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Will Pakistan survive?

December 19, 2014 19:28 IST

'Pakistan is paying the price for ignoring secularism. In seeking to be ever more Muslim to define its nationhood, it has become a terrorist haven,' says Amberish K Diwanji.

A mother mourns her son who was killed during the attack on the Army Public School in Peshawar. Photograph: Zohra Bensemra/ReutersPakistan and the world watched in horror as some 131 children were massacred by a bunch of terrorists who claimed to be acting in the name of Islam.

The Tehreek-i-Taliban Pakistan chose the same date when the Pakistani army in what is now Bangladesh surrendered to the Indian Army and the Mukti Bahini 43 years ago.

While the causes for the two wings of Pakistan breaking up are many, the key provocation for the 1971 war was the refusal of (West) Pakistani politicians to accept the election results that gave victory to Mujibur Rahman (of East Pakistan) and later the (West) Pakistani army's brutal crackdown on the (East) Pakistani people.

When the war ended, Bangladesh was born as an independent nation.

Comparing India and Pakistan is passe, so let us compare these two countries separated on December 16, 1971.

When Bangladesh was created, it was terribly impoverished, over and densely populated, and lacking in industries. Its per capita income was extremely low and population growth rate, high.

Not surprisingly then, there were many who believed that Bangladesh lacked the resources to survive as an independent country and would soon go under. And its early years gave little confidence to the rest of the world.

On the other side, the same pundits also believed that Pakistan, without the 'burden' of Bangladesh, would bloom. It was economically better off, was close to West Asia, and had a stronger industrial base when compared to its estranged sibling.

In fact, it may be pertinent to recall that all through the 1950s and 1960s, Pakistan had a higher per capita income and growth rate than even India, giving birth to the belief that Pakistan was more likely to prosper than even India. Losing Bangladesh actually improved its odds of becoming a developed nation.

Yet today, Pakistan is the biggest loser of the subcontinent. For all its problems, Bangladesh is doing just fine. Sure, its battling begums (Sheikh Hasina and Khaleda Zia) caused terrible chaos on the streets (and if their battle flares up again, Bangladesh is headed for trouble), but despite them (or perhaps because of them) this nation has improved over the years.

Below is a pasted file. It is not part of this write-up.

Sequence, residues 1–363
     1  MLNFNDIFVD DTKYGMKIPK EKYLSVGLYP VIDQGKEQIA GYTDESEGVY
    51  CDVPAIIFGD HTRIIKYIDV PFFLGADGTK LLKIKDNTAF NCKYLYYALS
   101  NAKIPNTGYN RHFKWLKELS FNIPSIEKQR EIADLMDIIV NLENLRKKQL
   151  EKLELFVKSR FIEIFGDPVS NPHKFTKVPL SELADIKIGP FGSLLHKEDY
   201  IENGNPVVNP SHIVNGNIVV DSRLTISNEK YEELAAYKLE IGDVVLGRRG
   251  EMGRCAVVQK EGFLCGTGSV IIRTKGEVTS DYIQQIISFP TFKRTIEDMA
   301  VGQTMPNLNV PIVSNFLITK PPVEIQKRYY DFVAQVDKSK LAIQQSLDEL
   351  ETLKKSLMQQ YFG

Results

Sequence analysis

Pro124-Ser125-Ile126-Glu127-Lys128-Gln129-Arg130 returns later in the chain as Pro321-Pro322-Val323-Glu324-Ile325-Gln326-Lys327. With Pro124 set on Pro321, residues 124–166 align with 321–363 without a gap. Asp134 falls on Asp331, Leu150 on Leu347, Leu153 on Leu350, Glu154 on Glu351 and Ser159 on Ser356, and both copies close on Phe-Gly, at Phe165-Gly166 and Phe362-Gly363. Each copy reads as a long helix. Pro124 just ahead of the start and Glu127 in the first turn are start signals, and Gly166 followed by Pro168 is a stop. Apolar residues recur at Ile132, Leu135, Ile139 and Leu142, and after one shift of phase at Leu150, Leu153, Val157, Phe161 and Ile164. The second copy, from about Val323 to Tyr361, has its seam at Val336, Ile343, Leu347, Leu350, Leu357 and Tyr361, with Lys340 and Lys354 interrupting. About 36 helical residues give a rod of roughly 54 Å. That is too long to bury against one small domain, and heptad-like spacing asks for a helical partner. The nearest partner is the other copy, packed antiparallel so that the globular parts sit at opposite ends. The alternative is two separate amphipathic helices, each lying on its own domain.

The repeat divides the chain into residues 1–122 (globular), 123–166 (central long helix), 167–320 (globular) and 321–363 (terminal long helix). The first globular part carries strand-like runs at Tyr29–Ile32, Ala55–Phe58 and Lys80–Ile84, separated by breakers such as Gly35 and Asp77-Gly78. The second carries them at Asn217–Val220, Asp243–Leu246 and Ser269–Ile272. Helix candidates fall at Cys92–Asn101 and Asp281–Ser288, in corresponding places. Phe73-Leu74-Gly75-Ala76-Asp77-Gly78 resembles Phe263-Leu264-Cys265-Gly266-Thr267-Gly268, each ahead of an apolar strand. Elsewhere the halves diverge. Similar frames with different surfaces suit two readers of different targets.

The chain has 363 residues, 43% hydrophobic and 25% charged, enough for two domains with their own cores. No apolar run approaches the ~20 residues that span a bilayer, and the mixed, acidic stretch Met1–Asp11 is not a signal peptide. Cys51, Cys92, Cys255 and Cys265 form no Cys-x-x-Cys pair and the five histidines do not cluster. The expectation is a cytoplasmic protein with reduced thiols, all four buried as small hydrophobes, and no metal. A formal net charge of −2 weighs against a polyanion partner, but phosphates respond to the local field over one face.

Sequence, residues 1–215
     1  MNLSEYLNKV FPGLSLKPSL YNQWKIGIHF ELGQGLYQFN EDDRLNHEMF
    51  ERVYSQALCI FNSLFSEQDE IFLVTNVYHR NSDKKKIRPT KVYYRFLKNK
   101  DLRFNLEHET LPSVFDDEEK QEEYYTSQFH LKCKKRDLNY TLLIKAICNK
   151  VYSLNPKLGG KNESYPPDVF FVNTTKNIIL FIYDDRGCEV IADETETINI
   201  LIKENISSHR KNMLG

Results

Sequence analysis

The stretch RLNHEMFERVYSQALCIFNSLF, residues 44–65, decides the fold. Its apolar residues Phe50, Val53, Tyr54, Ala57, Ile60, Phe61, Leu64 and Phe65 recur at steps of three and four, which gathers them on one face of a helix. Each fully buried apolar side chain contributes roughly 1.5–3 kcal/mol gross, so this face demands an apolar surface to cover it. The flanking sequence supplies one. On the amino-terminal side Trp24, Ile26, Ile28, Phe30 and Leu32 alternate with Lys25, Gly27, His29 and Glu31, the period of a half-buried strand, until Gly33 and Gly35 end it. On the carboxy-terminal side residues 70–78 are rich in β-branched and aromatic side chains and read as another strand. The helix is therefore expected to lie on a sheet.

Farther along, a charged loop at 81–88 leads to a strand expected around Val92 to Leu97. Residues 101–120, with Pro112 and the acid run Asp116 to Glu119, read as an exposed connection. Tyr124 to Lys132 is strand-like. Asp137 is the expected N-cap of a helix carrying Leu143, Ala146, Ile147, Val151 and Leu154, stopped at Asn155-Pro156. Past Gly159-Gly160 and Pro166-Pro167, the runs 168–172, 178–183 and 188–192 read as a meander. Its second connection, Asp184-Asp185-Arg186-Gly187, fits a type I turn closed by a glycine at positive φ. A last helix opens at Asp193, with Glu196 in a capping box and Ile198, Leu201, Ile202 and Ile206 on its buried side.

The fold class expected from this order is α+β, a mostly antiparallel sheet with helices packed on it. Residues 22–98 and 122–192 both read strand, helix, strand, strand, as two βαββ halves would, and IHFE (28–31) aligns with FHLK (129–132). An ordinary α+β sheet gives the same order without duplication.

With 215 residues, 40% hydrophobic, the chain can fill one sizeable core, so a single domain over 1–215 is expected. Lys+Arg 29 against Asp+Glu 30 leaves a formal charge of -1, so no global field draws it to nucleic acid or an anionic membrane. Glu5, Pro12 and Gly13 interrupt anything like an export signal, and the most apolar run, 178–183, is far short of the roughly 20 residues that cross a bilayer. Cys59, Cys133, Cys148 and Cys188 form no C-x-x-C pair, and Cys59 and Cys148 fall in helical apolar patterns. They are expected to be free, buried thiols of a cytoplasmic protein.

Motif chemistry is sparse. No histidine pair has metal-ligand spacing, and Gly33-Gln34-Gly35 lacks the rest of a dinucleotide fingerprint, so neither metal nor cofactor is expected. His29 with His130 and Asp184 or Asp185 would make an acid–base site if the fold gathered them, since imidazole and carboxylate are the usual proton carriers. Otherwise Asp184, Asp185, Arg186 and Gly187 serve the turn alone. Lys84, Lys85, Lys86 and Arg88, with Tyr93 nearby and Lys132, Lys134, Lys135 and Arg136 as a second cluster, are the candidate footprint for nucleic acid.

Its population growth rate has been declining, its per capita income increasing. Its healthcare policies hold lessons for all nations, India included. From exporting only jute it now exports textiles and this nation is yearning to be counted as a Southeast Asian tiger.

Pakistan, on the other hand, went down a spiral of disaster, made by its misguided policies that depended on religion, and religion alone, for salvation. This country is now in the grip of religious fundamentalism, its economy has little to boast about. It is a poor country with a nuclear bomb, bomb made from stolen technology.

So why did Bangladesh succeed and Pakistan flounder?

There are many reasons, but perhaps the most important reason for the difference is secularism. Bangladesh chose to be a secular nation, like India. And like India, its secularism is far from perfect. There have been horrendous reports of forced conversions and attacks on minorities (Hindus, Buddhists). But as a political dogma, Dhaka never allowed the mullahs to run riot.

Then, nearly two years ago, the people of Bangladesh held protests at Shahbagh chowk, forcing the government to act against the fundamentalist leaders who had had sided with (West Pakistan) and killed and raped thousands (many of them Hindus) during the 1971 war.

Choosing secularism, flawed as it may be, has its own rewards.

On the other hand, Pakistan is paying the price for ignoring secularism. In seeking to be ever more Muslim to define its nationhood, it has become a terrorist haven.

Today, in the name of Islam, Muslims target non-Muslims and Ahmadiyas, Sunnis kill Shias (which means M A Jinnah, Pakistan's founder, would have been a potential target), and fundamentalists attack all others.

The attackers always choose easy targets: Worshippers at a mosque, travellers on a bus on the highway, and, as we saw on December 16, school children at a school in Peshawar.

In Pakistan, a politician who spoke out against the blasphemy law was shot dead. Worse, lawyers applauded the killer when he was produced in court. Contrast this with Shahbagh and you can see the difference between these two countries.

The roads taken by Pakistan and Bangladesh have taken since 1971 holds important lessons for all nations in the subcontinent and the world: Religion in politics does not work.

Secularism is, of course, not a panacea in itself; development, democracy, respect for institutions play crucial roles. But what secularism does is put the focus on those issues without bringing in the disruptive elements of religion and religious extremists.

Religious leaders draw maximum support from the poor and uneducated. No wonder then that they really don't care about development.

News reports say Muhammad Sayeed of the Lashkar-e-Tayiba and Pervez Musharraf, the former military dictator, blame India for the Peshawar massacre. This would have been laughable were it not so tragic.

Pakistanis remain in denial about the ill-effects of religion on their State. It has not learnt any lesson and is unlikely to do so.

The question is: Will Pakistan survive its own folly?

Image: A mother mourns her son who was killed during the attack on the Army Public School in Peshawar. Photograph: Zohra Bensemra/Reuters

AmberishK Diwanji